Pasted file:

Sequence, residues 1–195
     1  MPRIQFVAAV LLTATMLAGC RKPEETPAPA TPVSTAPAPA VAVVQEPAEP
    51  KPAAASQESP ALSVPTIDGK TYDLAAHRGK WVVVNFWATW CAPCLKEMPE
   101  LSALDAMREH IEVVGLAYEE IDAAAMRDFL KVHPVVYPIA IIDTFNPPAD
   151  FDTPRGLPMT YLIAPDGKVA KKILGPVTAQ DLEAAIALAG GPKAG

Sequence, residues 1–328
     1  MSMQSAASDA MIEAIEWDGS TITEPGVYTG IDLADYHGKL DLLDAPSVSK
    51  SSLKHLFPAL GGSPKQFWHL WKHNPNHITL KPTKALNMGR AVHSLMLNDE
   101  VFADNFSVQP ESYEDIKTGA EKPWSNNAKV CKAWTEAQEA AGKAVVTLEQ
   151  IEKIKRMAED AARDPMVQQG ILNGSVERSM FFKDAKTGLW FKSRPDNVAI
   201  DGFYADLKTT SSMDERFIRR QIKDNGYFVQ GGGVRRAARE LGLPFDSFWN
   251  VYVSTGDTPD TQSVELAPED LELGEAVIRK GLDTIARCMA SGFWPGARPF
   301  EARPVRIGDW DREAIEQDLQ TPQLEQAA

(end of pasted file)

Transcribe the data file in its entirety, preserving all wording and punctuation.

Sequence, residues 1–195
     1  MPRIQFVAAV LLTATMLAGC RKPEETPAPA TPVSTAPAPA VAVVQEPAEP
    51  KPAAASQESP ALSVPTIDGK TYDLAAHRGK WVVVNFWATW CAPCLKEMPE
   101  LSALDAMREH IEVVGLAYEE IDAAAMRDFL KVHPVVYPIA IIDTFNPPAD
   151  FDTPRGLPMT YLIAPDGKVA KKILGPVTAQ DLEAAIALAG GPKAG

Sequence, residues 1–328
     1  MSMQSAASDA MIEAIEWDGS TITEPGVYTG IDLADYHGKL DLLDAPSVSK
    51  SSLKHLFPAL GGSPKQFWHL WKHNPNHITL KPTKALNMGR AVHSLMLNDE
   101  VFADNFSVQP ESYEDIKTGA EKPWSNNAKV CKAWTEAQEA AGKAVVTLEQ
   151  IEKIKRMAED AARDPMVQQG ILNGSVERSM FFKDAKTGLW FKSRPDNVAI
   201  DGFYADLKTT SSMDERFIRR QIKDNGYFVQ GGGVRRAARE LGLPFDSFWN
   251  VYVSTGDTPD TQSVELAPED LELGEAVIRK GLDTIARCMA SGFWPGARPF
   301  EARPVRIGDW DREAIEQDLQ TPQLEQAA